The proposed law (PIB) has top priorities for Host Communities which it seeks to protect and hasten their development. Section 234 is meant to enhance peaceful and harmonious coexistence between licences or lessees and host communities, and create a framework to support the development of host communities and foster sustainable prosperity within host communities. It also provides for direct social and economic benefits from petroleum operations to host communities. Section 235 also provides for the incorporation of the Host Communities Development Trust. Once this PIB is passed and assented to by President Muhammadu Buhari, the present upheavals rearing their ugly heads within the host communities in the oil-producing area and elsewhere will fizzle out and die a natural death.
The PIB also seeks the establishment of the Downstream Petroleum Regulatory Agency (DPRA) aimed to regulate the downstream sector of the petroleum industry. Its functions include regulating the technical aspects of the downstream sector; regulating the commercial aspects of the industry as may be designated by the minister; the issuance of downstream licenses to industry operators; and the facilitation of an enabling environment for investments in the downstream petroleum sector.
The bill also seeks for the commercialisation of the Nigerian National Petroleum Corporation (NNPC) to become Nigerian National Petroleum Company Limited; the bill proposes that the NNPC Ltd will be incorporated under the Companies and Allied Matters Act by the minister of petroleum as the ownership of all shares in NNPC Ltd shall be vested in the government at incorporation and held by the Ministry of Finance incorporated on behalf of the government.
Section 53(5) says shares held by the government in NNPC Ltd are not transferable, including by way of sale, assignment, and mortgage or pledge unless approved by the government. Subsection 7 says, “NNPC Ltd and its subsidiaries shall conduct their affairs on a commercial basis without recourse to government funds. Section 55(4), however, says the cost of winding down the assets, interests, and liabilities of NNPC shall be borne by the government.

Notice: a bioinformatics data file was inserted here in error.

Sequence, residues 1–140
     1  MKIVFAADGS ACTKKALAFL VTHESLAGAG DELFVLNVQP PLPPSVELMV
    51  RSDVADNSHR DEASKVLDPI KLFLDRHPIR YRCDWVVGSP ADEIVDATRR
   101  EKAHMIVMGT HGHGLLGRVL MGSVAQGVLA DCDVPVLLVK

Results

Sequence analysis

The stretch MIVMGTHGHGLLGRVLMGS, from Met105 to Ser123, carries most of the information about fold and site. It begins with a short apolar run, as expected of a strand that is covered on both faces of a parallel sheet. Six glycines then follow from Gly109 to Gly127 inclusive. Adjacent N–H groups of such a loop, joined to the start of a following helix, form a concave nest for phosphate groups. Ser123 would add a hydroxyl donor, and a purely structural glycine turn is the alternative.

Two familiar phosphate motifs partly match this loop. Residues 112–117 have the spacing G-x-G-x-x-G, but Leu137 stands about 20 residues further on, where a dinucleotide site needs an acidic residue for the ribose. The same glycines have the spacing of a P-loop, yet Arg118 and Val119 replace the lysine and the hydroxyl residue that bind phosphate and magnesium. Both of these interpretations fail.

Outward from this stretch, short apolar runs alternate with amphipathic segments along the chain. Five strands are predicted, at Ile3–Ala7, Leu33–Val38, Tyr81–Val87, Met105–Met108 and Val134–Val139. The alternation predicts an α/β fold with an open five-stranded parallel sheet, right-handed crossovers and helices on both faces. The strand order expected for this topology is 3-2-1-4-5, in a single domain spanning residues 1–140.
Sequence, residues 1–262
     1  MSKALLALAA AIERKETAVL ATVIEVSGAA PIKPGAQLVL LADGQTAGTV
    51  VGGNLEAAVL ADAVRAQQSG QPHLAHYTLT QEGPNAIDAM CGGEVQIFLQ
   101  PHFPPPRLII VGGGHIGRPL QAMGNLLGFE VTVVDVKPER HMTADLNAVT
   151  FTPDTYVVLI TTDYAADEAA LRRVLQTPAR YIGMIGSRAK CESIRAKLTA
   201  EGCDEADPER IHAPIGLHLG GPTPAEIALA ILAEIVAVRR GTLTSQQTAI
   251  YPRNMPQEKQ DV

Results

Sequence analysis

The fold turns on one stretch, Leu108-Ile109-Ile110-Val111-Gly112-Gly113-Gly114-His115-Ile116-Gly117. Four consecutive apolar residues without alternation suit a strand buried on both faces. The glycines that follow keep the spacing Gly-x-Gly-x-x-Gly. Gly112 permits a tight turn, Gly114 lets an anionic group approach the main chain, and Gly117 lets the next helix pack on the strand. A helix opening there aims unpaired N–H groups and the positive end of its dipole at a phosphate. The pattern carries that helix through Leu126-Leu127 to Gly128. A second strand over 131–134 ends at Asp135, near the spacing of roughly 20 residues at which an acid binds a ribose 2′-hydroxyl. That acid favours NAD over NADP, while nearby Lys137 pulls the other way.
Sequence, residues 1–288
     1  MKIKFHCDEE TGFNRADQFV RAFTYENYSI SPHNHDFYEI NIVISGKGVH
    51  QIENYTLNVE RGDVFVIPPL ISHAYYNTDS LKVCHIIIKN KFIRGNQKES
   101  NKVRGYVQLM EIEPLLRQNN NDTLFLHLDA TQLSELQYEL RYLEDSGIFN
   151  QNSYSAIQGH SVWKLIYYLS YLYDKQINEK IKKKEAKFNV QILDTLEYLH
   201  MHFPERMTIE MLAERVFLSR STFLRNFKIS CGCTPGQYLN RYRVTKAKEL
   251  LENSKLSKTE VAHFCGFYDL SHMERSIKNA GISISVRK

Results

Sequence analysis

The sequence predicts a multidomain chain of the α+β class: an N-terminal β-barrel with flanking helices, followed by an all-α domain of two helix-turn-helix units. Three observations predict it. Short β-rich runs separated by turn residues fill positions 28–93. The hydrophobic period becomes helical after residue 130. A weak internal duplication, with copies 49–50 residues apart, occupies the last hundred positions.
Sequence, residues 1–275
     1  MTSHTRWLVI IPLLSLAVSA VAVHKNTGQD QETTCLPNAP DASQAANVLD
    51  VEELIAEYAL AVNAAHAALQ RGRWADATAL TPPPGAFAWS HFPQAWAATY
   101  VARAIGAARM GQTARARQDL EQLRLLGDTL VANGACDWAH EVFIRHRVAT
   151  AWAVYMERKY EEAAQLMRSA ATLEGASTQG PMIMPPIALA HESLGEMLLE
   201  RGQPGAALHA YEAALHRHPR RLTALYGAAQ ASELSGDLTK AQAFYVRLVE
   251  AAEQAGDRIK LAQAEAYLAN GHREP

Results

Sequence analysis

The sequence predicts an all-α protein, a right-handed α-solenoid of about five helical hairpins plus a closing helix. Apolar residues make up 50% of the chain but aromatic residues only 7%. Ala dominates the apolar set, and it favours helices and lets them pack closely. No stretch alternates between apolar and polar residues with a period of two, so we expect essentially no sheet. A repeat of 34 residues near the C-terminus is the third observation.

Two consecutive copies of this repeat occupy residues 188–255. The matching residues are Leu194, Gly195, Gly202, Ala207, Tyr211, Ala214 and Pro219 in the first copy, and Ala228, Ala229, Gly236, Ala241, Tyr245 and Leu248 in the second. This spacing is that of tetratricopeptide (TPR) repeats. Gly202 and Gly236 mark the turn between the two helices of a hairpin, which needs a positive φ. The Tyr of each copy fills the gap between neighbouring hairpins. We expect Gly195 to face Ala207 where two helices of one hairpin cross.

Last year, the 9th National Assembly achieved a landmark when President Muhammadu Buhari signed the Deep Offshore and Inland Basin Production Sharing Contract (PSC) Amendment Bill into law. The provisions of the Act stipulate that the law shall be subject to review to ensure that if the price of crude oil at any time exceeds $20 per barrel, the share of the revenue to the Nigerian government shall be adjusted under the PSC.
Finally, Petroleum Industry Bill will create efficient and effective governing institutions, with clear and separate roles and will establish a framework for the creation of a commercially oriented and profit-driven national petroleum company in addition to promoting exploration and exploitation of petroleum resources in Nigeria for the benefit of the Nigerian people and the efficient, effective and sustainable development of the petroleum industry.
Gaya wrote in from House of Representatives, Abuja.